What strategic authenticity really means

Poised to share your gastrointestinal woes on LinkedIn? Think again. Still, there are ways to humanize your iconic self for audience engagement—without putting people off their lunch.

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When the subject at hand is about creating content and standing out online, the conversation usually turns to “authenticity.”

The dictionary says “authentic” means “true and accurate, made to be or look just like an original.”

Is there a single day when you represent yourself on the web in a “true and accurate” way? Of course not. Most people promote their shiny best selves.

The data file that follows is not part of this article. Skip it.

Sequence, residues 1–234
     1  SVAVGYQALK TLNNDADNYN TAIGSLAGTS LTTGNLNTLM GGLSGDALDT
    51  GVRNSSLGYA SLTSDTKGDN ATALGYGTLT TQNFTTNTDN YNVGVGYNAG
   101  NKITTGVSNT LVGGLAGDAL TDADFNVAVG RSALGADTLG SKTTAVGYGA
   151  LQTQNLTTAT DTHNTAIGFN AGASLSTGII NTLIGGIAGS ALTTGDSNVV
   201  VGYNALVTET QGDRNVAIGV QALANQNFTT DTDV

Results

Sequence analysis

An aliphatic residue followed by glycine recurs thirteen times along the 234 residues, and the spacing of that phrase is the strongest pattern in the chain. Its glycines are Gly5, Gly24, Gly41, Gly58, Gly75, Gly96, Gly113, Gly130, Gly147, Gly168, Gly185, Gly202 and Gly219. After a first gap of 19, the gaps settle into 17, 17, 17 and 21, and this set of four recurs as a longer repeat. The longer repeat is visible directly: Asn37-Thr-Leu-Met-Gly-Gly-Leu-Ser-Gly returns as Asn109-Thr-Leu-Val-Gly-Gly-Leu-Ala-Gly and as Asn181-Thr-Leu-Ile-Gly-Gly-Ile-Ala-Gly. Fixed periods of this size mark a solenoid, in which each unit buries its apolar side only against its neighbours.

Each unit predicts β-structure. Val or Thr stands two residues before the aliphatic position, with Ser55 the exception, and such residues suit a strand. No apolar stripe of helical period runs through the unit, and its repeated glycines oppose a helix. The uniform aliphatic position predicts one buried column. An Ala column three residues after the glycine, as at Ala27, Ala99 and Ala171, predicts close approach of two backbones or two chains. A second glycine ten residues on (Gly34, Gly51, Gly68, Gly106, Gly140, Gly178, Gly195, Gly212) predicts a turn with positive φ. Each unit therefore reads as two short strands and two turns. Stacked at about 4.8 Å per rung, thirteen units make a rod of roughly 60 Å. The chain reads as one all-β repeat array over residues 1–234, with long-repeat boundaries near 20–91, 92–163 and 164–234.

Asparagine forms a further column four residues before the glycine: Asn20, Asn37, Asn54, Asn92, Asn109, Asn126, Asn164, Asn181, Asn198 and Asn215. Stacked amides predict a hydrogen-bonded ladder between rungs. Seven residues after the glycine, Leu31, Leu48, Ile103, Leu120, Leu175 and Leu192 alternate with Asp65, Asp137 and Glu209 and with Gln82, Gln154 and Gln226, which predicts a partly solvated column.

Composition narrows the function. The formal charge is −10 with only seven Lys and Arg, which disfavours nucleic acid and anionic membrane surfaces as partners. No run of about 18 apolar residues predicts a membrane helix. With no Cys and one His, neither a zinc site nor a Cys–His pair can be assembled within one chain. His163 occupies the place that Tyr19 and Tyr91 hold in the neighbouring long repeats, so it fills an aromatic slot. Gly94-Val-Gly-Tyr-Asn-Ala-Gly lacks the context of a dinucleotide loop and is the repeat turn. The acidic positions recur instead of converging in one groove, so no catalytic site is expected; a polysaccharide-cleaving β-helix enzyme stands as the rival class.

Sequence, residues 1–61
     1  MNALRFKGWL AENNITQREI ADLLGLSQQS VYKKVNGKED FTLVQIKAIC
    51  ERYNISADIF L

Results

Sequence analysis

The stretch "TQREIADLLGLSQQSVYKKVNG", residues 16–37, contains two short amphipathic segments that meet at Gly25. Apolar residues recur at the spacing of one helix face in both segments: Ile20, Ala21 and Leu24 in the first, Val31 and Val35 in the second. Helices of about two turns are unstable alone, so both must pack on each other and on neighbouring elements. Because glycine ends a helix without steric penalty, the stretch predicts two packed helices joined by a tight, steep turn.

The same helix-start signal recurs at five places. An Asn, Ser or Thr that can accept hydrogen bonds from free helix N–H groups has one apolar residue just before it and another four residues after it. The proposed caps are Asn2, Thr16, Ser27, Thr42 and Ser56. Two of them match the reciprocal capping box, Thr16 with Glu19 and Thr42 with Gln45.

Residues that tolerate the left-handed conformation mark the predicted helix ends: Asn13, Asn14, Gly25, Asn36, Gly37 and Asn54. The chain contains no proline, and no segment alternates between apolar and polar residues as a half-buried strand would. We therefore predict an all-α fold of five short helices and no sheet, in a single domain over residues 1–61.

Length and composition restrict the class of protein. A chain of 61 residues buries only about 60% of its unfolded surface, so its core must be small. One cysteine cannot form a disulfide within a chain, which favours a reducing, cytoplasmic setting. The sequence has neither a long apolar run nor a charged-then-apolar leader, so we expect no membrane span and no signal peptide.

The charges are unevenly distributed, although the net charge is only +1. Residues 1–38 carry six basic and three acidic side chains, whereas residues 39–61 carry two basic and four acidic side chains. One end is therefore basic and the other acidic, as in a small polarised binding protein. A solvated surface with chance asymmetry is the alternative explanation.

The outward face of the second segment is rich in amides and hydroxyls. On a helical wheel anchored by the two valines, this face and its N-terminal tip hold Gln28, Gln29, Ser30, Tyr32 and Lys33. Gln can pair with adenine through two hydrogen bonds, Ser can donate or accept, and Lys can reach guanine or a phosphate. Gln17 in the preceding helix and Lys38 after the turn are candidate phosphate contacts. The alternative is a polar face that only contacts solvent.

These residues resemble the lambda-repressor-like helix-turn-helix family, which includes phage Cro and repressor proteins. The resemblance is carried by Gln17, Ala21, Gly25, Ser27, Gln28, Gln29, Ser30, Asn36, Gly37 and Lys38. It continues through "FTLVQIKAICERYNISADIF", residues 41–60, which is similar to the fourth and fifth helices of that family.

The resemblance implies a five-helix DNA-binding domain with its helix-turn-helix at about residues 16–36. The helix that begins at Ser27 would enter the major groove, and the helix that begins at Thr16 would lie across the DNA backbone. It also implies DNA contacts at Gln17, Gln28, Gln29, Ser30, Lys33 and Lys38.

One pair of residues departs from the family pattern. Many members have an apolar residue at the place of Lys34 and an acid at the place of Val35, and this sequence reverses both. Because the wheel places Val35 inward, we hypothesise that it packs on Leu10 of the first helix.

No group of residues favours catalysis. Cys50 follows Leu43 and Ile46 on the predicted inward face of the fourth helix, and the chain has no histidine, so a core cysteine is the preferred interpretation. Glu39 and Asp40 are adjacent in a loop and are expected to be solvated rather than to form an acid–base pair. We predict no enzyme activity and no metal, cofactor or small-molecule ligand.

Here’s the business case for being strategically authentic.

The amount that people share on the web varies greatly from the “full meal deal,” which includes addictions, neuroses and breakups, to the “stoic plan,” which contains scant personal information.

The amount of intimate info we share isn’t just a reflection of our personality; it also reflects who we want to be and the story we want to tell about ourselves.

On a personal level, it can be fun to blow off steam online. From a business standpoint, these details are also being catalogued away as part of our personal brand, and it may become part of what people think about our employer.

How much is too much?

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